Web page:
This prospective 5-year study will examine how long-term type 2 diabetes characteristics and inflammation affect the development of cognitive decline in a cohort of 1000 cognitively intact (at recruitment) diabetic individuals 65 years and older living in Tel-Aviv, Israel. This study is a collaboration of the Department of Psychiatry at the Mount Sinai School of Medicine (MSSM), NY, the Department of Psychiatry at the Sheba Medical Center, Israel, and the Department of Community Health of the Maccabi Health Services (MHS), the second largest HMO in Israel. It provides health care to a representative cross section of 1.7 million Israeli citizens, 11,000 of whom have diabetes and are above the age of 65 in the area of Tel-Aviv. The benefits of studying this population are: a) up to 10 years of data from the extraordinarily rich MHS Diabetes Registry, including HbA1c, anti-diabetic and other medication, duration of disease, hypertension and other diabetes related characteristics;b) fully computerized centrally processed MHS medical records, facilitating data access and analysis;c) no charge to patients for analyses by the MHS centralized laboratory, ensuring complete use;d) significantly subsidized medication from MHS pharmacies, which record every purchase (in contrast to subject report of medication prescribed);e) minimal loss to contact since ill subjects are cared for by MHS;and f) prompt death notification by ending of client funding. The dementia diagnostic procedures at Sheba will be fully integrated with those of the MSSM Alzheimer's Disease Research Center (ADRC). Subjects will be followed at 18-month intervals. Diagnostic consensus teleconferences including both Israeli and ADRC physicians will have clinical, neuropsychological, and MRI data collected by this project in addition to complete MHS laboratory and medical data. DNA will be collected and a data sharing plan is in place.
The specific aims are to investigate the impact of baseline 1) inflammation, 2) poor long-term glycemic control, 3) diabetes medication, specifically metformin, and 4) MRI abnormalities, on the rate of cognitive decline. Additionally, the contribution of inflammation or MRI abnormalities to the associations of glycemic control or diabetes medication use with cognitive outcomes will be examined. Beyond investigating the relationship of cognitive decline in diabetes, identifying the impact of inflammation-a modifiable risk factor-within this relationship, has implications for mechanisms underlying incipient dementia in the general population, and could provide the basis for future intervention studies with potential great public health impact. Demonstrating how brain abnormalities link diabetes characteristics to cognitive decline would support a causative or contributive role of these characteristics in cognitive compromise.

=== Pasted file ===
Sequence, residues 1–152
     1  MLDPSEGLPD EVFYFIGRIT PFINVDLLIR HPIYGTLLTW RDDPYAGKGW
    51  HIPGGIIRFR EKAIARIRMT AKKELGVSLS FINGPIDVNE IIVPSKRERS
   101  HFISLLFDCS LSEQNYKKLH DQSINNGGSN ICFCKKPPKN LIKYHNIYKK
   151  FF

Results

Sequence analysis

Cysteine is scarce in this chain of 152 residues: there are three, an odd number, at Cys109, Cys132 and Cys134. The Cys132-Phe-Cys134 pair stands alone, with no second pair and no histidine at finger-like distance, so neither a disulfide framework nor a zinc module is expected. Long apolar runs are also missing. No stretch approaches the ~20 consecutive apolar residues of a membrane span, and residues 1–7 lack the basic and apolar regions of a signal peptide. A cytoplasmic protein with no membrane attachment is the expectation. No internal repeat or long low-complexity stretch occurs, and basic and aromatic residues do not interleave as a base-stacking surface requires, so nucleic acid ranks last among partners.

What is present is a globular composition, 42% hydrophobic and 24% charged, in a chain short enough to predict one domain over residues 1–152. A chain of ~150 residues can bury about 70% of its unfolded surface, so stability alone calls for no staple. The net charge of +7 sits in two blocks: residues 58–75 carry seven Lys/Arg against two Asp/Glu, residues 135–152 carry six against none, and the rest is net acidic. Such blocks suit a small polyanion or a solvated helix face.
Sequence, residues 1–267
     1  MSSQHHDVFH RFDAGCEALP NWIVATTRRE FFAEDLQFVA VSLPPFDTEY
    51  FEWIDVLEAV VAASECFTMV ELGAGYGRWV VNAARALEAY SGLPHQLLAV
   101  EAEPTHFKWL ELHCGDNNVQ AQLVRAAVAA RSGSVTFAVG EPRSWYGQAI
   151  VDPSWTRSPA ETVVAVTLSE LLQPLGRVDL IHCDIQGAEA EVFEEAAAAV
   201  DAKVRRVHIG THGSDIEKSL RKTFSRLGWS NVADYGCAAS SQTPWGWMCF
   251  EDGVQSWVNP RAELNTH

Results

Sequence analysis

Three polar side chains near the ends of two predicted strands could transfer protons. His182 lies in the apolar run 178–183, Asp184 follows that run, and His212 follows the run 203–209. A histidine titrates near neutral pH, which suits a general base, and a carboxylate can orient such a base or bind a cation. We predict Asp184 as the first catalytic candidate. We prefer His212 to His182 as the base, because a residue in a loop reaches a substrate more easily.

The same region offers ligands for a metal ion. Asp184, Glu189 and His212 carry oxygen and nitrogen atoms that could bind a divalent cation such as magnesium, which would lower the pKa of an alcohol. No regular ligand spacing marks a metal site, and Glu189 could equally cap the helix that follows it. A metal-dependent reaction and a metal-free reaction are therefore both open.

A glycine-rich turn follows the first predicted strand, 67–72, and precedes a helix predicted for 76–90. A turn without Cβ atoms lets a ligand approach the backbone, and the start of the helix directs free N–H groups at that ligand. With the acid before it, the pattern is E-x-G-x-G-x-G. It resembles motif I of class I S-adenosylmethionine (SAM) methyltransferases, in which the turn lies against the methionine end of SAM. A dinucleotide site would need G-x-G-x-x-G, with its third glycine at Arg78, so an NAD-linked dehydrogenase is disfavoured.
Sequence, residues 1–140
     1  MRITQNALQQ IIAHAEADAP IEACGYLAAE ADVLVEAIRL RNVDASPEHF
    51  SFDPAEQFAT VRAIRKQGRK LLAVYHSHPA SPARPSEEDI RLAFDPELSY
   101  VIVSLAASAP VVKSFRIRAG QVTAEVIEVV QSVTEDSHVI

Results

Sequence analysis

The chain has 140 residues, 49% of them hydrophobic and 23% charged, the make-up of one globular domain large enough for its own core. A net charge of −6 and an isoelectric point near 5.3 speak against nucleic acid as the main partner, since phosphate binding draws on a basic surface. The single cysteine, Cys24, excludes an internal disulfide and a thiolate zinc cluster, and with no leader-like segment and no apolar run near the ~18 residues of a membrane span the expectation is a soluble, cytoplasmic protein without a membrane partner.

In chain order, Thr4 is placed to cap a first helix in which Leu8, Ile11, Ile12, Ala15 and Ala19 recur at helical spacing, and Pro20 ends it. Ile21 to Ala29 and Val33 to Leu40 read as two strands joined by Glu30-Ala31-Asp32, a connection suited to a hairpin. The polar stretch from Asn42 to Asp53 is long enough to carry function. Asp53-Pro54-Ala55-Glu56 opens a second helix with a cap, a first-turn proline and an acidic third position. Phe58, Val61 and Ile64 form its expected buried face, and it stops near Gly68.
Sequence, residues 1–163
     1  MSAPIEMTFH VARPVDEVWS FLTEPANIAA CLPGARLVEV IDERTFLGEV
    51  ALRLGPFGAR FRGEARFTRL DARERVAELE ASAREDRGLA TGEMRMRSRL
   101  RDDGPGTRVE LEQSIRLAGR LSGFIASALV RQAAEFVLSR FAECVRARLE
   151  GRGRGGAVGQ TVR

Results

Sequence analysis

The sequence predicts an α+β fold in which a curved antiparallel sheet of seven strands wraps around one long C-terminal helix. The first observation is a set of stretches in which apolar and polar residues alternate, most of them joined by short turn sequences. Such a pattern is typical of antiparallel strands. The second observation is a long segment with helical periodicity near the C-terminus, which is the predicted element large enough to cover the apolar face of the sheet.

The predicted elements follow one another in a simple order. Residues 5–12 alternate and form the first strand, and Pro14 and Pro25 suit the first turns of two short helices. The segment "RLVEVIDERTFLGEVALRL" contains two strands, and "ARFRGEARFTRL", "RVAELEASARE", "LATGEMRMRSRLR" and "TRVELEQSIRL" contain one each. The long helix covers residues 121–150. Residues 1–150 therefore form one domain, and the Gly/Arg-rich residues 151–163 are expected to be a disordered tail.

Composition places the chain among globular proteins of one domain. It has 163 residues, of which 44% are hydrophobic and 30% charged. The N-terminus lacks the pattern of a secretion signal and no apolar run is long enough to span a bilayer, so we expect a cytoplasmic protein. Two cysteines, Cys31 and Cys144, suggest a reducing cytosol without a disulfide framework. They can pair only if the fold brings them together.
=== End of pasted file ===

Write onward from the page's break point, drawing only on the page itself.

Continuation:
This study of diabetic individuals will investigate the roles of inflammation, poor glycemic control, use of diabetes medications, and brain abnormalities at baseline on the rates of cognitive decline. Ultimately, our goal is to extend life without cognitive compromise. This study will point to interventions to assist individuals with diabetes, who are at high risk for dementia. Since rates of diabetes and dementia are disproportionately increasing, especially so as the population structure shifts strongly toward the aged, this study can be expected to have major public health implications. Furthermore, identifying the impact of inflammation and brain abnormalities on risk for cognitive impairment has implications for mechanisms of dementia in the general population, which may lead to even broader based preventive or palliative interventions for cognitive decline and dementia.
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